Thanks to our great Experiential Education Committee, 25 students were selected into the 2023 spring Global Health cohort, bringing the number of students currently in the minor to 50. Our class of graduating seniors—soon to be alumni—are making a variety of plans to start their gap years or master’s programs. These will find our (former!) students studying at Columbia University, working in Spain, starting social work programs, working in research on concussions in Pittsburgh, working with refugees in Philadelphia, and participating in graduate programs in occupational therapy and public health, among other areas. Many of last year’s graduates continue to stay in touch including Chloe, Claire, and Siddhi who moved on to Fulbright Awards in England, the Netherlands, and India, respectfully, and now are moving onto the NIH, Colombia and Rwanda, and the medical school in Michigan.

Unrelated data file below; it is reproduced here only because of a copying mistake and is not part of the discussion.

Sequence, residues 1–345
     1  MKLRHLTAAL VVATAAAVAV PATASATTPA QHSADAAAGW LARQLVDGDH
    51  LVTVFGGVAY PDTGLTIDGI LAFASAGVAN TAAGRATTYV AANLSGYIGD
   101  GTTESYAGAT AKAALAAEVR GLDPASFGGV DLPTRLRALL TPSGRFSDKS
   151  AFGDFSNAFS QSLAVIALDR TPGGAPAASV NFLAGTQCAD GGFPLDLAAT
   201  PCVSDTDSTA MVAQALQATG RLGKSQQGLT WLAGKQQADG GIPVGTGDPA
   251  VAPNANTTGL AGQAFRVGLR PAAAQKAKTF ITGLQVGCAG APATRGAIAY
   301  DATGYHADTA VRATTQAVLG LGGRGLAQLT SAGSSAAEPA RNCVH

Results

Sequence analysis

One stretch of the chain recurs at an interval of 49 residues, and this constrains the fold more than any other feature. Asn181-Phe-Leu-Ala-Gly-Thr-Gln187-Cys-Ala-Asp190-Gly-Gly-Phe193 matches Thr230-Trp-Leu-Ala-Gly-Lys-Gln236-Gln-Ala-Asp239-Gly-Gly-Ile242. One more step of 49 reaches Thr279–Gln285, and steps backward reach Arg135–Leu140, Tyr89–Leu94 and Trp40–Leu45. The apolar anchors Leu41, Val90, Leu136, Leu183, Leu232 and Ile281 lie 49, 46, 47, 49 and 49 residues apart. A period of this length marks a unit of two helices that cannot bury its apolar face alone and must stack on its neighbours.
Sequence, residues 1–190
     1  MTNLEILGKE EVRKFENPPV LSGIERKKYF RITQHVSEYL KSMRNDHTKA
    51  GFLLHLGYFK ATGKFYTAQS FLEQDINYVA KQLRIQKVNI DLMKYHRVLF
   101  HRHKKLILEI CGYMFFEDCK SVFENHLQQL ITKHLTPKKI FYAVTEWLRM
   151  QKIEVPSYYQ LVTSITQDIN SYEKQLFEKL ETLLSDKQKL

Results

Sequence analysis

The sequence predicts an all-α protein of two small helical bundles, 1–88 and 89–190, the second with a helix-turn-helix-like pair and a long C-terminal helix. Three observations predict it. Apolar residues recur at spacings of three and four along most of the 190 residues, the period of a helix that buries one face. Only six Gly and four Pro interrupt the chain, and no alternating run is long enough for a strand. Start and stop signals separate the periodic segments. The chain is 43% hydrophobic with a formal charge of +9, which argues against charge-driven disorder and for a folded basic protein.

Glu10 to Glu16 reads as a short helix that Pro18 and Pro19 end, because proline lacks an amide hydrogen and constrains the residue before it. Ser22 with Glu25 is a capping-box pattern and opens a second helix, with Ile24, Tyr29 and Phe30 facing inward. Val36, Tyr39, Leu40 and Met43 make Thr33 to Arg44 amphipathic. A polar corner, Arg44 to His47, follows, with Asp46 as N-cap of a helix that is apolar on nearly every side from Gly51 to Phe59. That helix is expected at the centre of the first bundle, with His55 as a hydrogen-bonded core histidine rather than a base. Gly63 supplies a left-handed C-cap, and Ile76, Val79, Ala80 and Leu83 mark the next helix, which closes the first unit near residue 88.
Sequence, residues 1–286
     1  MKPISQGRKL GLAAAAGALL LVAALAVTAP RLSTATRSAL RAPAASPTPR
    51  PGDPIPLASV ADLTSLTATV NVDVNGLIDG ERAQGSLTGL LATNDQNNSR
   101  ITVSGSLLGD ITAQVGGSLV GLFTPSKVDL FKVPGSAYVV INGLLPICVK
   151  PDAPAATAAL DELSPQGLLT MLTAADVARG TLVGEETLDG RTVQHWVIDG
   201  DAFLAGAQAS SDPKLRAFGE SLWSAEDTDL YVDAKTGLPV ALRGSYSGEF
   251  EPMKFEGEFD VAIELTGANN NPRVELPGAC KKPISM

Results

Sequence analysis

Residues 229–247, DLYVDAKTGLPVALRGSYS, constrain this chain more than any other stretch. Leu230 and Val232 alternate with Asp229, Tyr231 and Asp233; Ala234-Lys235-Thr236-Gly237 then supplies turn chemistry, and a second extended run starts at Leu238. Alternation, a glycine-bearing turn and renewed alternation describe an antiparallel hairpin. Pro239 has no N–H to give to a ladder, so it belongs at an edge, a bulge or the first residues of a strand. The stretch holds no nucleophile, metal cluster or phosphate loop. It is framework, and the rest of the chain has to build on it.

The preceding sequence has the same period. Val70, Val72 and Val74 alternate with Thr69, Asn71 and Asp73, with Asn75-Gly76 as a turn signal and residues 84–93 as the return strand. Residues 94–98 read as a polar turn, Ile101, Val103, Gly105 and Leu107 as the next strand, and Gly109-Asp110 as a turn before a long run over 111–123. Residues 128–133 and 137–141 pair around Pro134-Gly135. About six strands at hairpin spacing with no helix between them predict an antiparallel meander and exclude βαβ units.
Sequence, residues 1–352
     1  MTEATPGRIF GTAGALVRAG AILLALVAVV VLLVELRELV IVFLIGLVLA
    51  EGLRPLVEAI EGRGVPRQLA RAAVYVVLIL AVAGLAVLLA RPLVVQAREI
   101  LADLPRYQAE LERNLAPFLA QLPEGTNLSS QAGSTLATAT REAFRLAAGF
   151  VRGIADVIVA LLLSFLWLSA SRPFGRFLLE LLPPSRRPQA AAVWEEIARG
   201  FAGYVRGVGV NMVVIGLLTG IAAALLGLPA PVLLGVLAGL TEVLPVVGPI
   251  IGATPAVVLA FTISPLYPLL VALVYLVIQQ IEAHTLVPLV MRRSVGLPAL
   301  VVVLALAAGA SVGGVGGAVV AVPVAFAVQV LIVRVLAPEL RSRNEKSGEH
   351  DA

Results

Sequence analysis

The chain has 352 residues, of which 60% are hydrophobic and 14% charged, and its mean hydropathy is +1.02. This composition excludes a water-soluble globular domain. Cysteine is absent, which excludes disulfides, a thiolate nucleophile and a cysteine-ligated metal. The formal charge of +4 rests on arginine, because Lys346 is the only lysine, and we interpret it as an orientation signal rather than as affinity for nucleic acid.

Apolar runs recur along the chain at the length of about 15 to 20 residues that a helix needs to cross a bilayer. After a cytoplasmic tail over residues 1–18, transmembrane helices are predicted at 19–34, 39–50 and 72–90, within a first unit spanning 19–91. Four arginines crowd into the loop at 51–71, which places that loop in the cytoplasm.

And, of course, it’s a busy summer ahead. Under the instruction and supervision of Joshua Rosenberger, Joseph Gyekis, and Dana Naughton, 10 students will complete their global health field placements in Quito and Oltavalo, Mexico in May and June. In July, as part of the Reciprocity Matters: Promoting Equity in Global Health Study Abroad Education initiative, three students from our South African partner, the University of Limpopo in South Africa, will be sponsored to participate in Penn State’s College of Medicine’s three-week Global Exchange Program (GHEP) in July, where they’ll join university students from across the globe in this intensive global health issues, systems, and policy training program.
- View testimonials from recent Global Health Minor alumni to learn more about how the program supports personal, academic, and professional development for BBH undergraduates.